IndyCar – Homestead Review

The last race of the season was did not offer too much in the way of surprises. Like all of the 1.5 mile ovals this season, it was the Ganassi and Penske show. Right at the beginning of the race, Dario and Dixon provided some great side-by-side action as each of the TCGR drivers fought for lead. There wasn’t much change until Dario had to lift just a bit on Lap 10 which allowed Briscoe to take the position. Dario’s strategy then was one of fuel conservation. Dixon and Briscoe went on to battle for the lead for most of the rest of the race while Dario remained a few seconds behind. The trio seemed to be the only ones on track with any speed as they ended up lapping the entire field. Yes, the top three lapped THE ENTIRE FIELD. So much for parity, eh? Actually, I’m not one to bash on the league for that. There were plenty of battles throughout the grid that made for some exciting viewing, even if they didn’t battle for the lead it was still good racing. The big difference maker in the outcome of the race ended up being fuel strategy. Dario cruising comfortably in third, rather than scrapping with the Dixon and Briscoe, was able to conserve fuel and run a couple of laps longer during each stint. In the end, this meant one less stop for Dario as the other two had to come in for a splash-n-go on laps 192 and 193. Dario crossed the finish line with four seconds between him and Briscoe in 2nd, and with just enough fuel to cut a few donuts. …not quite enough to make it to victory lane, however.

Dario, Dixon, and Briscoe on the podium at Homestead. -- Photo courtesy of Dan Helrigel, Indy Racing League
Dario, Dixon, and Briscoe on the podium at Homestead. -- Photo courtesy of Dan Helrigel, Indy Racing League
The race win for Dario also earned him the series championship with Dixon coming in second in points, and Briscoe in third. I can’t imagine how long the winter will be for Briscoe who dashed his championship aspirations all over the inside pit wall at Motegi. That’s the type of thing people from which people wake up with a start in the middle of the night drenched in a cold sweat. It will be easy for many to look at this final race and claim that Dario simply got lucky on fuel strategy, but keep in mind that Dario set the pole, and at the beginning of the race he was battling hard with his teammate for the lead. His team’s chosen strategy was to run just fast enough to keep contact with the two leaders while saving enough fuel to run a couple laps longer each stint hoping for the exact type of scenario they got at the end of the race.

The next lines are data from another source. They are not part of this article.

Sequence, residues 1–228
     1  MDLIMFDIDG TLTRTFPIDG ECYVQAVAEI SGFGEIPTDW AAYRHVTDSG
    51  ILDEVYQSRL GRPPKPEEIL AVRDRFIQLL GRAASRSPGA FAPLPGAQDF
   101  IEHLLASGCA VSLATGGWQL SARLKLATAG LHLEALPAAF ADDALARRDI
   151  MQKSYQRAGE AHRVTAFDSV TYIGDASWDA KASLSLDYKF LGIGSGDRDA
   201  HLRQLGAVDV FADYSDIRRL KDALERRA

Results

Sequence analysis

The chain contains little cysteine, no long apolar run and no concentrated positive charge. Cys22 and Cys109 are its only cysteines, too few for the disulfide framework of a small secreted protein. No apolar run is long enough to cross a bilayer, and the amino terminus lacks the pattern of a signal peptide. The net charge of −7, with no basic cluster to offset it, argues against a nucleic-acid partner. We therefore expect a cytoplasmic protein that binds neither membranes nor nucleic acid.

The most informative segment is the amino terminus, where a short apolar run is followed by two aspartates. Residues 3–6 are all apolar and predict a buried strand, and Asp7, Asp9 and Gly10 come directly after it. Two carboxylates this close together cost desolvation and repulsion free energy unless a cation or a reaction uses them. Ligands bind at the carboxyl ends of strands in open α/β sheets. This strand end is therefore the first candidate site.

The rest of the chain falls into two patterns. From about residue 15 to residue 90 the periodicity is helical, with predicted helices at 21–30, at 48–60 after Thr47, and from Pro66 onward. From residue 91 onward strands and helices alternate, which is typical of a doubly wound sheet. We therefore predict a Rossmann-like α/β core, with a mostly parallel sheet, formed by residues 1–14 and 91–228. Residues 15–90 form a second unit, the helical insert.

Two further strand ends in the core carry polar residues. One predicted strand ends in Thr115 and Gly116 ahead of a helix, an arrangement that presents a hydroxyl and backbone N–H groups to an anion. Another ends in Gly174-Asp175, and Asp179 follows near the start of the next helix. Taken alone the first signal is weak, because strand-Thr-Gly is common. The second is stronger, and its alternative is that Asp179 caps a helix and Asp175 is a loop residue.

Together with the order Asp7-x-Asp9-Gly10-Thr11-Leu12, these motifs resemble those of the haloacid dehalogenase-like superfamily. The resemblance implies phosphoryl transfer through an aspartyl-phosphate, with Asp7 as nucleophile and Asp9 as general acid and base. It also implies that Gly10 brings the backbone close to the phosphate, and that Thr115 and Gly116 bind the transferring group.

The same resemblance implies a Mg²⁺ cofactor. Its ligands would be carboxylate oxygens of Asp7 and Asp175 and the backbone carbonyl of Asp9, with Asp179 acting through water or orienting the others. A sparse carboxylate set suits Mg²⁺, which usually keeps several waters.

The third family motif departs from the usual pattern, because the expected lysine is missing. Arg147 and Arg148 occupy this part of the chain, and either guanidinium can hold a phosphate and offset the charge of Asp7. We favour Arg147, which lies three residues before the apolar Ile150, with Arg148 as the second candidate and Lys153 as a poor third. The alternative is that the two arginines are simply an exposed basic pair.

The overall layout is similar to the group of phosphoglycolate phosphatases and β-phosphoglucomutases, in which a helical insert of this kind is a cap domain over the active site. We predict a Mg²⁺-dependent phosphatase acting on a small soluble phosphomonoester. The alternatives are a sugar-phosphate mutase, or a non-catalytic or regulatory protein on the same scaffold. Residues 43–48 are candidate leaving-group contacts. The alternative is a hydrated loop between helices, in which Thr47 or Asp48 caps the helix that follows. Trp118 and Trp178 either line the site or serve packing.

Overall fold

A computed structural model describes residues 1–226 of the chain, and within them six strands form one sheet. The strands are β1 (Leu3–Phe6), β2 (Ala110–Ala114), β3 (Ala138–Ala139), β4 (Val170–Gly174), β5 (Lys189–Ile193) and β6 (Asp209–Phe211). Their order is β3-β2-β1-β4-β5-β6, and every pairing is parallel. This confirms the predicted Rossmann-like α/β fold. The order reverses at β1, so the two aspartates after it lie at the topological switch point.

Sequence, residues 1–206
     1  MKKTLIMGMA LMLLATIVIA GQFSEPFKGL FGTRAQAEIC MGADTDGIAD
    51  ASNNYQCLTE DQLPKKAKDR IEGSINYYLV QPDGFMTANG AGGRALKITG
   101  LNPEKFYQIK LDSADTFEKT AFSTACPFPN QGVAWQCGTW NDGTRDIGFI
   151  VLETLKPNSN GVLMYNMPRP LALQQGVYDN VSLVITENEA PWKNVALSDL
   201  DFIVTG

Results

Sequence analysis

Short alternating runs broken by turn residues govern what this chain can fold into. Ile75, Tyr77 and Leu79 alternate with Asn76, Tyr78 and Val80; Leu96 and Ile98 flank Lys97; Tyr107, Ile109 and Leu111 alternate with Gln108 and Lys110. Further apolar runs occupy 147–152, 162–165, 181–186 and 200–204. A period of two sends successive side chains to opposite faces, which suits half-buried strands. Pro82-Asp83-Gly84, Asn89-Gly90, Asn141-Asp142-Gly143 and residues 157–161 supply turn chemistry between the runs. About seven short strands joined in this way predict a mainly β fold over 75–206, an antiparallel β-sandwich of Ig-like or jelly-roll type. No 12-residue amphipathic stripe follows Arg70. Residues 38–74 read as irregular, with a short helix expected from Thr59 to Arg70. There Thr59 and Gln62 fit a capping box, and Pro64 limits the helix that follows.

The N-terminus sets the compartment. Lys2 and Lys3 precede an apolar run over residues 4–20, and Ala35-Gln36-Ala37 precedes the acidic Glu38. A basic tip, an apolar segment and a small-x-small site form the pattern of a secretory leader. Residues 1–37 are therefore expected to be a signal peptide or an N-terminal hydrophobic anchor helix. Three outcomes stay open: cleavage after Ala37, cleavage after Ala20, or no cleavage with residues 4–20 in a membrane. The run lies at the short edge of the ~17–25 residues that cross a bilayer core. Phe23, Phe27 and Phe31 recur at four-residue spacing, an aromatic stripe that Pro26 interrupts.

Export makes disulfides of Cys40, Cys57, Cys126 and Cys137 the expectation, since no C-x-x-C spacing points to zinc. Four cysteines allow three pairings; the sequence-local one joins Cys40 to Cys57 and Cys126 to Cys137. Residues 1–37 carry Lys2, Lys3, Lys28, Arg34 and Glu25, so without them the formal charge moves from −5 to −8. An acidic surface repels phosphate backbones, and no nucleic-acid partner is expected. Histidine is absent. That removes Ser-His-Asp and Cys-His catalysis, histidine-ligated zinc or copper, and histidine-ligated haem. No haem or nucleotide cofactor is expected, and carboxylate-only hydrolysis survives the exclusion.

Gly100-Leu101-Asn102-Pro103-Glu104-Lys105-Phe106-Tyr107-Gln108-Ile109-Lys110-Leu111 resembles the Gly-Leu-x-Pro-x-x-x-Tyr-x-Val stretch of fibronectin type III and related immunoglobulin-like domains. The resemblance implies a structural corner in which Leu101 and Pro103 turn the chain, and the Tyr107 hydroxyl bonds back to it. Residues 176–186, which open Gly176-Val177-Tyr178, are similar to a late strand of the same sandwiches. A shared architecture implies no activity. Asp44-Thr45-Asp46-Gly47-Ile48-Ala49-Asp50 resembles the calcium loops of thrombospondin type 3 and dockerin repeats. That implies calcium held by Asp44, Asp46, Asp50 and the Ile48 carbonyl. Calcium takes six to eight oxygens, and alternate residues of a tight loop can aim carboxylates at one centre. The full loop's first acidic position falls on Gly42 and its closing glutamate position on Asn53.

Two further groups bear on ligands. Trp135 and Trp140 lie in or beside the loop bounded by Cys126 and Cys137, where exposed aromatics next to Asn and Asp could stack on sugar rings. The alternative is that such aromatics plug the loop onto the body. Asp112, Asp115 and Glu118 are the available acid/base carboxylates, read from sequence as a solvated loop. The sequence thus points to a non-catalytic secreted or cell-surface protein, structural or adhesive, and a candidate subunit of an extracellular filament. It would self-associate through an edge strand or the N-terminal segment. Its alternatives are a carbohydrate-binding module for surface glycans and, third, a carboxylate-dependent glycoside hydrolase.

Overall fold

As for the rest of the grid, Ed Carpenter who showed so much speed during qualifying, seemed to box full of reverse gears as he plummeted from his P4 starting position to end up P12. It was shaping up to be a decent day for AGR until Marco retired with a pile of molten metal where his brake rotors used to be. Marco was running very well and had moved up to fourth before the brake issues cause him to park his car for the remainder of the season. Danica was also have a very good race until the Panther crew chief released Dan Wheldon directly in front of her. Dan went when his team said go, and ran right into the right rear of Danica as she was entering her pit stall. The contact was strong enough to force the retirement of both cars. Its a shame, because Dan was having a decent run as well. The surviving members of the AGR team definitely get the vote for Most Improved during the race. Kaanan started in P15 to finish in P4, and Mutoh started in P19 and finished in P6. Alex Lloyd did well in his first outing for NHL, and it was stated during the broadcast that he would be in that seat full-time in 2010! Having heard nothing about this from any other source, you’ll forgive me if I’m skeptical. I’d love for it to be true, but I’ll not believe it until I see the press release from NHL. Sarah Fisher had a very frustrating day. Her car was quick during practice, but they lost the car before qualifying and never found it again. Sarah languished in the back of the pack all day, but the good news is that she brought the new chassis home in one piece and ready to go for 2010. She’ll even have a teammate for 2010, Jay Howard! I always thought Jay got a raw deal from Marty Roth in 2008, and I’m glad to see him get a chance to rejoin the series with a much more reputable organization.

Well, that’s pretty much a wrap of the Homestead race. We’ll have reviews and recaps of the 2009 season during the long dark off-season, so be sure to check back often. Think I left something important out? Let us know in the comment section below. Lastly, here’s the complete rundown of the finishing order.

1 Dario Franchitti
2 Ryan Briscoe
3 Scott Dixon
4 Tony Kanaan
5 Helio Castroneves
6 Hideki Mutoh
7 Mario Moraes
8 Alex Lloyd
9 Tomas Scheckter
10 Justin Wilson
11 Graham Rahal
12 Ed Carpenter
13 Ryan Hunter-Reay
14 Raphael Matos
15 Mike Conway
16 E.J. Viso
17 Milka Duno
18 Sarah Fisher
19 Danica Patrick
20 Robert Doornbos
21 Dan Wheldon
22 Marco Andretti
23 Jaques Lazier

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One Thought to “IndyCar – Homestead Review

  1. ATB73

    I’m just glad this one is over and in the books. forget it ever happened. Hopefully all the oval races are as good as they were towards the end of the season, in 2010. I thought it was a good race at Homestead. Once it became a strategy, it still was a good show,, I thought they might charge down dario as he nursed it.

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